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02/21/13 It's The Law: Small Estates Can Get Small Probate

It's The Law

Small Estates Can Get Small Probates



My father recently died. He had only a small bank account and a boat. His will leaves everything to me. Am I going to have to pay for an expensive probate?


The Florida Legislature has agreed to a common sense approach to probate of small estates. When assets subject to Florida probate do not exceed $75,000.00, the estate may be probated through summary administration as long as the decedent's will does not direct more formal probate proceeding.

Only assets that are subject to probate are included when determining if an estate qualifies for summary administration. That means any bank accounts, life insurance, retirement accounts and brokerage accounts which are payable upon death direct to a beneficiary or beneficiaries will not be included.

Summary administration is not mandatory. In some cases, formal administration may be preferred, as when the personal representative will be attempting to settle a claim for wrongful death or otherwise pursue action on behalf of the decedent or the decedent's estate. Formal administration opens a probate proceeding, appoints a representative and generally proceeds on basis of administration of the estate as a business operation.

Summary administration is much quicker and less formal. A petition for summary administration may be filed by any beneficiary or person nominated as personal representative in the decedent's will offered for probate. The petition must be signed by any surviving spouse and all beneficiaries, except that signature is not required from a beneficiary who will receive a full distributive share under the proposed distribution. If a beneficiary is not required to sign the petition, the beneficiary must still be given formal notice of the proceeding. If a beneficiary has died, is incapacitated, is a minor, or has transferred his interest in property of the estate, the petition must be signed and verified by a personal representative of the deceased person or, if none, surviving spouse and the beneficiary of his estate; guardian of an incapacitated person or minor; or the person to whom the beneficiary's interest in the estate was transferred.

A person petitioning for summary administration must make a diligent search for any known or reasonably ascertainable creditors, serve a copy of the petition on those creditors and make provision for payment of those creditors to the extent assets are available. That means summary administration cannot be used to avoid creditor claims. Notice need not be published in the newspaper, but if notice is published, it will bar claims of all other creditors that are not filed with the court within three months after first publication of the notice.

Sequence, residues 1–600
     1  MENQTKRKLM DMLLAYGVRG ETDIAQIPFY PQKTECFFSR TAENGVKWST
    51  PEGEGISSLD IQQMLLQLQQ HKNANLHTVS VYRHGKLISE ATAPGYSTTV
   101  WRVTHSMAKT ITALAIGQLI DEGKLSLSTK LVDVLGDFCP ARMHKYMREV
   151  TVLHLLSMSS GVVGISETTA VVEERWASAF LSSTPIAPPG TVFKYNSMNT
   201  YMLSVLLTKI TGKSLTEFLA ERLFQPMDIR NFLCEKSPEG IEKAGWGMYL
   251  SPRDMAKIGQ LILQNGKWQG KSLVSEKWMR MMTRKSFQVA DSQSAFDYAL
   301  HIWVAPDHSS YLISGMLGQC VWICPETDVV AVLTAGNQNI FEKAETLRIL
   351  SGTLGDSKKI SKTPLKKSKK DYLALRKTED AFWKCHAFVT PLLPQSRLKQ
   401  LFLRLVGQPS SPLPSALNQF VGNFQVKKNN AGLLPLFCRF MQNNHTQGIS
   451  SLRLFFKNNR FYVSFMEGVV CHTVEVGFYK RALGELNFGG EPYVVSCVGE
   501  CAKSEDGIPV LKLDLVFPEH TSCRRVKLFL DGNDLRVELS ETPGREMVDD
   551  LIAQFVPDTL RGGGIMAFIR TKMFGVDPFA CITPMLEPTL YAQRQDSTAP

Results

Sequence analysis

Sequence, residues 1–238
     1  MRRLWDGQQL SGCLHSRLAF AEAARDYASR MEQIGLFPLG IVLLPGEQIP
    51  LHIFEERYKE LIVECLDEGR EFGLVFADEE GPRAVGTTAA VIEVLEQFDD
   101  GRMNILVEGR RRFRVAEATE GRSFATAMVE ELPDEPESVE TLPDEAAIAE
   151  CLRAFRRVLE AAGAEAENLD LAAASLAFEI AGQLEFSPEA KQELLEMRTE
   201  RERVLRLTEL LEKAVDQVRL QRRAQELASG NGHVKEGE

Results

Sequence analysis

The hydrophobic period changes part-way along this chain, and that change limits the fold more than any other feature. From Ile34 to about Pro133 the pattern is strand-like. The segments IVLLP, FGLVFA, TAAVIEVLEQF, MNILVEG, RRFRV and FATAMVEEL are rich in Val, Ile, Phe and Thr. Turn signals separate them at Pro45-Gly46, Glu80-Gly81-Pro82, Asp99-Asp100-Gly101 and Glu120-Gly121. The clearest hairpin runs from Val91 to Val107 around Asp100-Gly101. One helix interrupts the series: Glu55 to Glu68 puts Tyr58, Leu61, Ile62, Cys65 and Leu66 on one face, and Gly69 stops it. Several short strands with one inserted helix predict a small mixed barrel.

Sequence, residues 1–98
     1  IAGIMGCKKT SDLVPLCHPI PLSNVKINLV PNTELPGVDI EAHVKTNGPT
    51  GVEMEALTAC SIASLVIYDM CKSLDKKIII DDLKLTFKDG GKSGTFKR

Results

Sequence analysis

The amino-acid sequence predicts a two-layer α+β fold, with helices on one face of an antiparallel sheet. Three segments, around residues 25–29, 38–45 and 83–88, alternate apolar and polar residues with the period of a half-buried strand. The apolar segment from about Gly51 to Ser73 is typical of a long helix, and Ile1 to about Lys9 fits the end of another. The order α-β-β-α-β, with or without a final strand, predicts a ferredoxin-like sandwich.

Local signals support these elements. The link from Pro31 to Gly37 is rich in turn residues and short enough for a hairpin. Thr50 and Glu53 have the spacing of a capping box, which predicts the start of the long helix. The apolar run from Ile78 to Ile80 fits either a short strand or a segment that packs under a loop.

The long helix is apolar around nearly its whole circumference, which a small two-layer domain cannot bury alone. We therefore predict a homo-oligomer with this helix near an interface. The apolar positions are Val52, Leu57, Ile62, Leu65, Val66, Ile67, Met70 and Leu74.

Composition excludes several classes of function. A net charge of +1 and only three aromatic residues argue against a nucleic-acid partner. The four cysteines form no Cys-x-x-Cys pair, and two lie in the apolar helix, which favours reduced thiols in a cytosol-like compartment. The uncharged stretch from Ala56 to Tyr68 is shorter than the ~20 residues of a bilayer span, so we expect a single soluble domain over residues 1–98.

A petition for summary administration must include a plan of distribution. If there is a will, the distribution plan generally follows the will. However, the beneficiaries can agree among themselves to a different distribution and propose that as part of the petition. The petition is also required to include a description of the estate assets and the estimated value of each.

The court may hold a hearing on the petition for summary administration to resolve any issues. If all beneficiaries have joined in the petition and if there does not appear to be any creditor issues, the court may grant the petition without hearing. If the petition is granted, an order of summary administration is issued.

The order of summary administration confirms distribution is made in accordance with the petition or otherwise established by the court. Florida statutes authorize debtors of the decedent, those holding property of the decedent and those with whom securities or other property of the decedent is registered to comply with the order by paying, delivering or transferring assets in accordance with the order. The order entitles those assigned assets by the order to receive and collect those assets.

In the event creditors are not paid, recipients of assets under summary administration also inherit pro-rata liability for all timely claims against the estate of the decedent. But, as with formal probate, two years after the decedent's death, claims against the estate and persons receiving property from an estate are barred.

Summary administration is much faster and cheaper than formal administration. Attorney fees are minimal and time required for probate is relatively short. For small estates, summary administration is a true blessing. You should consult with an experienced attorney to discuss summary administration of your father's estate.

By: William G. Morris, Esquire

William G. Morris is an attorney with offices at 247 North Collier Boulevard on Marco Island, Florida. His practice covers a broad range of subjects, including civil litigation, real estate, business and corporate law, estate planning and probate, domestic relations and contracts. He writes this column periodically with respect to legal matters that frequently affect non-lawyers. The information contained in this column is not intended as legal advice and, of necessity, is generalized. For questions about specific circumstances, the reader should consult a qualified attorney.

Questions for this column can be sent to: William G. Morris, e-mail: wgmorrislaw@embarqmail.com or by fax, (239) 642-0722 or

The Marco Island Eagle

Other articles of interest can be viewed at our website, www.wgmorris.com.